Sofinnova goes digital

The promise of fast timelines and early revenues lure a new investor into digital medicine.

iCad, the developer of artificial intelligence-enabled mammography technology, made 28% of its workers redundant last month. Verily, which works in the area of AI-enabled precision medicine, laid off 15% of its workforce in January. And Pear Therapeutics has filed for bankruptcy, shortly after putting itself up for sale. All in all, this is an odd time to be making a push into digital health. 

But that is exactly what the venture fund Sofinnova is doing. The group has just started a new digital medicine strategy, under which it has already made three investments and intends to make 10 or so more. In its sights are companies seeking to improve healthcare system efficiencies, Simon Turner, a partner at Sofinnova who is leading the strategy, tells Evaluate Vantage.

The two approaches most often thought of as digital health – telehealth and prescription apps – fall outside of Sofinnova's purview.

“It’s very much focused on the clinical benefits, the impact on the healthcare system, our ability to reduce the delay that we see quite often in the healthcare system,” Turner says. “It’s fundamentally approaches like simulation, modelling techniques, AI, to improve outcomes.”

This is Sofinnova’s sixth investment strategy. The others encompass biotech and medtech, early-stage medtech, industrial biotech, Italian companies and crossover investments. 

Early, but revenue-generating

Under this strategy Sofinnova will invest in 12 to 15 companies, taking part in seed and series A rounds. Sofinnova intends to be involved not only with capital commitments, but also with helping with the targets’ strategy. It also hopes to work with its current and former portfolio companies and limited partners, which are often, Turner says, potential partners or clients for the newer businesses.

Sofinnova's investments so far under its digital medicine strategy
Company Technology Investment Investors
Kiro A platform using AI to help interpret lab test data  €13.8m ($15m) series A Sofinnova, Bpifrance, Kurma Partners and Propulia Capital
Deepc deepcOS, a system to integrate third-party AI technology into existing radiology workflows €12m ($13m) series A Sofinnova, Bertelsmann Investments and Winning Mindset Ventures
Biocortex Carbon Mirror, a computer simulation to aid understanding of the microbiome-host relationship $5m seed funding Sofinnova and Hoxton Ventures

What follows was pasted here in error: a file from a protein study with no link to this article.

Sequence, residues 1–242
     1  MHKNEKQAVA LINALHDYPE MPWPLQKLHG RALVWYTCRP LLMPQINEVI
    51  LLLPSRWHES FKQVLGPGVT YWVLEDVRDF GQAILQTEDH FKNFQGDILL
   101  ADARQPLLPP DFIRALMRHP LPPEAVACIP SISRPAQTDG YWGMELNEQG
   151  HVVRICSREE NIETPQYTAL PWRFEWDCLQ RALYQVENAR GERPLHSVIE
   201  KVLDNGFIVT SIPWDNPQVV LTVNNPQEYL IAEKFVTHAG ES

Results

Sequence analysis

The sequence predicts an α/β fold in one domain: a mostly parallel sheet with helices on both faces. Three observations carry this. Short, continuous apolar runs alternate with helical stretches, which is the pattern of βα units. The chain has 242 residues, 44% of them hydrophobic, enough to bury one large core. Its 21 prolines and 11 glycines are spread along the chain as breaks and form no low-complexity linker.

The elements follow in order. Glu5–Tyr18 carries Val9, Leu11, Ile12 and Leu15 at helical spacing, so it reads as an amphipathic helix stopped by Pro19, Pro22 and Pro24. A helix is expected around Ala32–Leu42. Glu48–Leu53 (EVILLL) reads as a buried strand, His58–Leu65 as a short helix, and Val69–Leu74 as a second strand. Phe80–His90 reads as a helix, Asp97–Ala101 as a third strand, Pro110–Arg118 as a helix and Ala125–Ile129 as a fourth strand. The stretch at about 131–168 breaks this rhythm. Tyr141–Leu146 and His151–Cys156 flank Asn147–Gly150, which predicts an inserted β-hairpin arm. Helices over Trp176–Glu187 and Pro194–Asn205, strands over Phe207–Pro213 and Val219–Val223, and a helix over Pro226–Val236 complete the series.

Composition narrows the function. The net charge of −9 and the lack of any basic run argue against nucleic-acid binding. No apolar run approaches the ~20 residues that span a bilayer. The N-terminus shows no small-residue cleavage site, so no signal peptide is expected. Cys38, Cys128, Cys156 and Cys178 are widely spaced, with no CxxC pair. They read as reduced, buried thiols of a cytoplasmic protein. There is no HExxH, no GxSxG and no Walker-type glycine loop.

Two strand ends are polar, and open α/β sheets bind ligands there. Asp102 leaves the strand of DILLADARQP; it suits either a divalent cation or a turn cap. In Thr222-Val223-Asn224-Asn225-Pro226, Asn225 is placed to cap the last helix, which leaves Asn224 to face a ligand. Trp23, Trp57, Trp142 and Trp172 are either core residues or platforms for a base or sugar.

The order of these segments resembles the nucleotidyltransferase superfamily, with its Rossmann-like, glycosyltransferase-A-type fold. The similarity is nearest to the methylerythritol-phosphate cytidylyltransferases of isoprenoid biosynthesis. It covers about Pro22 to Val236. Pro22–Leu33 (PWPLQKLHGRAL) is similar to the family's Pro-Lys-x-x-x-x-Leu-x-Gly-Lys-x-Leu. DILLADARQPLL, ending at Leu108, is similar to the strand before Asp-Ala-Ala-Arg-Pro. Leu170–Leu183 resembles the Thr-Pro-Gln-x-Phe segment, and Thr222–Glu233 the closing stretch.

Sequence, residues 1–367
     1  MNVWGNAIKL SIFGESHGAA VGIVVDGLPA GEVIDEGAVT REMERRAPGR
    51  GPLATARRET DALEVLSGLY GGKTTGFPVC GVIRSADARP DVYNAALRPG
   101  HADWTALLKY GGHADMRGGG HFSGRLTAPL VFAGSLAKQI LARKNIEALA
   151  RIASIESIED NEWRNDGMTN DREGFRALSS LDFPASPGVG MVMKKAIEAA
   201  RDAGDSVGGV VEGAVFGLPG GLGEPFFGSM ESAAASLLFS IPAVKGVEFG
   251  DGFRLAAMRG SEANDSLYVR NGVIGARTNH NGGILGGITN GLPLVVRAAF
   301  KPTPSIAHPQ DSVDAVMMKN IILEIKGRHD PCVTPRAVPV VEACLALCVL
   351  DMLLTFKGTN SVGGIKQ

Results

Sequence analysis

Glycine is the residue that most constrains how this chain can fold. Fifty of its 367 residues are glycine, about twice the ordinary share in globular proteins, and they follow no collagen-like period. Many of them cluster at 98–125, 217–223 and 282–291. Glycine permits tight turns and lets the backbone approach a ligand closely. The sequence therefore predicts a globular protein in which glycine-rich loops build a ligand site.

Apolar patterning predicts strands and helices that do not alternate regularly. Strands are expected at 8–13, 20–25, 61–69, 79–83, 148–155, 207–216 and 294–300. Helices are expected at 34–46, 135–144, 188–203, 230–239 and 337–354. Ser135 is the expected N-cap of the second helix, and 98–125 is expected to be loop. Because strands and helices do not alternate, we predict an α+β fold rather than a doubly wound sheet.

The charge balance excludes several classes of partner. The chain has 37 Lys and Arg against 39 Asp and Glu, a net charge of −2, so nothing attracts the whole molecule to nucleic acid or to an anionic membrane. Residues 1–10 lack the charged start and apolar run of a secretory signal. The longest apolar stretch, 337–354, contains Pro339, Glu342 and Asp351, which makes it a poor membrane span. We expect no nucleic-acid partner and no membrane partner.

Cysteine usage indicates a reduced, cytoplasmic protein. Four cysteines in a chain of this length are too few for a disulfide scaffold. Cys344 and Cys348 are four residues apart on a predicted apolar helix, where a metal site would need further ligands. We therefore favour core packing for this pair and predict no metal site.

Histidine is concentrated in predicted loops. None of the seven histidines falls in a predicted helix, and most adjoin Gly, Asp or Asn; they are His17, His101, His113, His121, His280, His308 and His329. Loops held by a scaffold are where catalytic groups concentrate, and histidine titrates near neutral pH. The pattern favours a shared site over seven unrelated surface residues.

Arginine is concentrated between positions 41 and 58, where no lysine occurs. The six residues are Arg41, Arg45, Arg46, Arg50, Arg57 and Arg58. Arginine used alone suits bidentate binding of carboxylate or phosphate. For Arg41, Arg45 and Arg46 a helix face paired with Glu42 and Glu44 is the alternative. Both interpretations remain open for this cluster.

Source: company releases.

“We tend to be in the €2-8m range in terms of initial ticket sizes, and are then able to double down later on, in the subsequent rounds, up to let’s say, €20-25m per company,” Turner says. The strategy also has a seed component, so it can get in earlier and take smaller bets into riskier but potentially high-reward situations.

One advantage of prioritising digital medicine companies over more traditional medical technology is that many generate revenues very early, Turner says – indeed, the three that Sofinnova has invested into so far are all bringing in cash via wither partnerships or service contracts. 

The group intends to hold its investments for five to eight years, which might leave time for the IPO market to recover. But Turner emphasises that there are other exit routes for its portfolio.

“Private equity is really interested, because these are companies generating revenues already”, he says. Pharma, CROs and medtech are all traditionally buyers in the space, he adds – particularly of companies that can help with clinical trial recruitment, for example by identifying likely responders to an experimental treatment. 

But health insurance providers might be interested too, for example in digital approaches that can help sidestep inefficiencies in healthcare systems. Tech companies too could be buyers, he says, naming Google, Apple and Amazon as groups that are increasingly active in the healthcare space. 

The advantages and disadvantages of the digital medical space versus more traditional medtech are well known – on one hand offering faster and cheaper development, but on the other greater difficulty of proving a benefit, less clear regulation and, probably, lower prices for the end products. 

Sofinnova is fond of bucking trends, as its historical willingness to make early-stage investments shows. Maybe getting into digital medicine just as many other players are becoming disillusioned with it is the right move. Time, and exits, will tell. 

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